Sequestration Frustration


After a debt-ceiling reprieve, the US government’s next big hurdle is the March 1st Sequester. What is sequestration and how does it affect you?

During the debt ceiling showdown in the summer of 2011, a group of arbitrary across-the-board spending cuts deemed unacceptable to both Democrats and Republicans was drafted to ensure action on deficit reduction. It wasn’t a solution, it was just a way to buy time and it’s called a sequester. Through a series of compromises, the deadline for the sequester has been moved to March 1, 2013 and separated from other components of the “fiscal cliff”.

When totaled, the sequester’s automatic spending cuts reduce government spending in 2013 by $85 billion (source: JP Morgan Market Bulletin, 2/19/13). Here’s a breakdown of cuts mapped out in the legislation through 2021.


What does the sequester mean to you as a citizen and investor?

Fiscal drag.The Congressional Budget Office estimates the initial impact to GDP in 2013 of around 0.56% if the sequester lasts from March through the end of the year (source: Washington Post, “The Sequester”, 2/20/2013).  This could mean uneasy stock markets, less hiring, and more muted recovery.

Arbitrary cuts. The punitive nature of across the board cuts may have an impact for you in other ways. Those most affected probably work within the government. Some could lose their jobs and those that don’t could find themselves working in a very constricted environment. For the average citizen,  daily encounters with the government may be slowed or changed. Some examples? Fewer food safety inspections, flight back-ups due to cuts at the FAA, slower federal court systems with lighter dockets meaning delays to cases, cuts to federally-funded scientific research, defense contracts, and reduced military benefits.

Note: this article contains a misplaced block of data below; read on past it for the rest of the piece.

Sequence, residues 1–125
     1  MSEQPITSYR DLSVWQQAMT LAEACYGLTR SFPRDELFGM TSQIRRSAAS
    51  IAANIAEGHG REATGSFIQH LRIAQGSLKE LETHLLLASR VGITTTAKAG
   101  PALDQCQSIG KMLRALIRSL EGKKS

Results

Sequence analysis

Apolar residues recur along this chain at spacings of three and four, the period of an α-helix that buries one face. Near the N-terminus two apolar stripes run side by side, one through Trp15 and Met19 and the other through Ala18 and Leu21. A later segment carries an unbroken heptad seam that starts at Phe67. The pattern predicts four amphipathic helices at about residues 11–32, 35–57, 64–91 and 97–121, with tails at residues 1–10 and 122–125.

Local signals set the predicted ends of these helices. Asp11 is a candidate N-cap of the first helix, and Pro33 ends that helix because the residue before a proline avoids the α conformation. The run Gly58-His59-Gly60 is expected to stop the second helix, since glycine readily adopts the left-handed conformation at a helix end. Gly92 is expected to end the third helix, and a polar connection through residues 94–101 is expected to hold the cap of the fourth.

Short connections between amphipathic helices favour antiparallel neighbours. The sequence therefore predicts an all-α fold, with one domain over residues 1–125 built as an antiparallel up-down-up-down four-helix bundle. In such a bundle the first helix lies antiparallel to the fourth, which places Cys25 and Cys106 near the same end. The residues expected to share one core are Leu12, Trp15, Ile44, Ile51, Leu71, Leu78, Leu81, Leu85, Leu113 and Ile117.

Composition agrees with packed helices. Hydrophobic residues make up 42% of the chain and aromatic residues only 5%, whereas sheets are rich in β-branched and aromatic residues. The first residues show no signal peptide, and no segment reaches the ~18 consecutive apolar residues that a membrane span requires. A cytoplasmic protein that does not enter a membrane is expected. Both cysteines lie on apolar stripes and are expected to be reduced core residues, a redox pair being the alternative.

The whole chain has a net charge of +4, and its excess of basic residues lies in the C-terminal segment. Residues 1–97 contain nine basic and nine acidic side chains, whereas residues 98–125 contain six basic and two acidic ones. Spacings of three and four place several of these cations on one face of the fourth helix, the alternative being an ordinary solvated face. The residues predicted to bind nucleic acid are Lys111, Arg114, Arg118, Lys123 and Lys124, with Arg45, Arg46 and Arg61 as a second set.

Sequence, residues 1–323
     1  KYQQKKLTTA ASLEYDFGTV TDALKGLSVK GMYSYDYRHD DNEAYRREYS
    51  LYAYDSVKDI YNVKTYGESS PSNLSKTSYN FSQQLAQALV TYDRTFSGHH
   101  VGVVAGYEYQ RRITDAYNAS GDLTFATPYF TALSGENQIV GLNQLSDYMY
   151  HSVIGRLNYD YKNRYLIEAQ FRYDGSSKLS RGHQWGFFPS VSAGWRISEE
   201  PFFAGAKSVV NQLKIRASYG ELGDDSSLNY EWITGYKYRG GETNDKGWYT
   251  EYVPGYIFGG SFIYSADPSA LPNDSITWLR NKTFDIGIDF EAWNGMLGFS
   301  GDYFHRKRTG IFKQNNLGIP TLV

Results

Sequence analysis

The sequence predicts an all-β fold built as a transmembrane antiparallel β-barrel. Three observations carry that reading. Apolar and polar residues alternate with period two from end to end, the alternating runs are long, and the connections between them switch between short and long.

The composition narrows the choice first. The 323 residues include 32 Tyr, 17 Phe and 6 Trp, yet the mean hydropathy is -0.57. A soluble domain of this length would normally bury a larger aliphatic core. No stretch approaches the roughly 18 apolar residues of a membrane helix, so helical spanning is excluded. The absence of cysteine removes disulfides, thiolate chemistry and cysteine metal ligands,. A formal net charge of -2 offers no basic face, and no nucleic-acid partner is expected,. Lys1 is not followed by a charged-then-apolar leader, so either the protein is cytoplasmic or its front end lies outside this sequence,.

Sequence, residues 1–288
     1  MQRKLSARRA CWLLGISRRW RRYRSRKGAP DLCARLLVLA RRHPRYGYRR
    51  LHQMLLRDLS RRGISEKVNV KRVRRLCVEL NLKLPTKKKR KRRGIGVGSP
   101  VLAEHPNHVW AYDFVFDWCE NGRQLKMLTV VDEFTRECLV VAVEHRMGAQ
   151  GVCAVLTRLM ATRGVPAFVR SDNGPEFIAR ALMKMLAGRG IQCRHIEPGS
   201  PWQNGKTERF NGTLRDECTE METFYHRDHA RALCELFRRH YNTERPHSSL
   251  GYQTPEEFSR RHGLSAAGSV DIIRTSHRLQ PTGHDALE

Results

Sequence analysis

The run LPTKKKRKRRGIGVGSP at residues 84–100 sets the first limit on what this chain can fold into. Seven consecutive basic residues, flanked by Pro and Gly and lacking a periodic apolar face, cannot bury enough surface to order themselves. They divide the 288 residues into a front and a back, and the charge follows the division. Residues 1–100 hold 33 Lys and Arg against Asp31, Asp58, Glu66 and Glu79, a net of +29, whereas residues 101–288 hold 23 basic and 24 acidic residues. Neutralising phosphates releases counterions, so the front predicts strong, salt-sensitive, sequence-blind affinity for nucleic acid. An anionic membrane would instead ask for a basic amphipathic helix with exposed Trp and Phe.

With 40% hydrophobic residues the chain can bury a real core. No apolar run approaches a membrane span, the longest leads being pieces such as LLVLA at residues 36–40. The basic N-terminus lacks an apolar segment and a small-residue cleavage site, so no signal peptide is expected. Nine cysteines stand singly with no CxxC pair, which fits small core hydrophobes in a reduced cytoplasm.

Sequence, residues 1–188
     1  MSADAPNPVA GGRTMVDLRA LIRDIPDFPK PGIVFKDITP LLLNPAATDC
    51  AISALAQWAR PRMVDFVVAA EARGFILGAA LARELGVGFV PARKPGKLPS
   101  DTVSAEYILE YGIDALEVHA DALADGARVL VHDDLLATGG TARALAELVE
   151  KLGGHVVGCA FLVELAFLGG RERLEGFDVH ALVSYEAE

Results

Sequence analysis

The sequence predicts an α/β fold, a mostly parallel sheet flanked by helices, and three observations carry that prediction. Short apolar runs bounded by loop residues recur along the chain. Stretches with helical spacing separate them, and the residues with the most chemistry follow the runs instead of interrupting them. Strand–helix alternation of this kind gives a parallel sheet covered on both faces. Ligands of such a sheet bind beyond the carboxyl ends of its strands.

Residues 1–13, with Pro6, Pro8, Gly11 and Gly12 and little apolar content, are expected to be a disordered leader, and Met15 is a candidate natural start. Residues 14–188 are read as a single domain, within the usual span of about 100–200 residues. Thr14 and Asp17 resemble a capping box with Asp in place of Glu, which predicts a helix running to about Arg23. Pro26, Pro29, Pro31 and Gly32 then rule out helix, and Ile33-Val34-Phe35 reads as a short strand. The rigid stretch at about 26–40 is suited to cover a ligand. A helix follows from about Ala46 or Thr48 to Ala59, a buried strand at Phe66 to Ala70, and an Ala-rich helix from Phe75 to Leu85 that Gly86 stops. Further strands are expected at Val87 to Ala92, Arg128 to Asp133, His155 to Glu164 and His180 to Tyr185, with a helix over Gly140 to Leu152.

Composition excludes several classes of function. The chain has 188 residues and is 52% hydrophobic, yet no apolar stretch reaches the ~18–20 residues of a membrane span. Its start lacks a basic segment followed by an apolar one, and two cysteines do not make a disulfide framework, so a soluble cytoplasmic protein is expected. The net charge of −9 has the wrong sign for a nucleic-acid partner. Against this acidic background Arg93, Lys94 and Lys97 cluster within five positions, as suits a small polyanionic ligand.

Market disruption.The idea of a sequester is popular with almost no one. This could translate into less confidence in stock markets and increased volatility. In the longer term, the failure to address debt and deficit issues could have even larger implications.

We can’t predict how everything relating to a spending sequester will fall out. Markets so far this year have turned the other cheek whether from fatigue with politically-inspired deadline drama or positive reaction to other news. We’ll keep you posted as Capitol Hill sorts things out in the coming weeks and months.

Required Disclaimer: The information has been obtained from sources considered to be reliable, but we do not guarantee that the foregoing material is accurate or complete. Any information is not a complete summary or statement of all available data necessary for making an investment decision and does not constitute a recommendation. Any opinions are those of Melissa Joy, CFP® and not necessarily those of RJFS or Raymond James.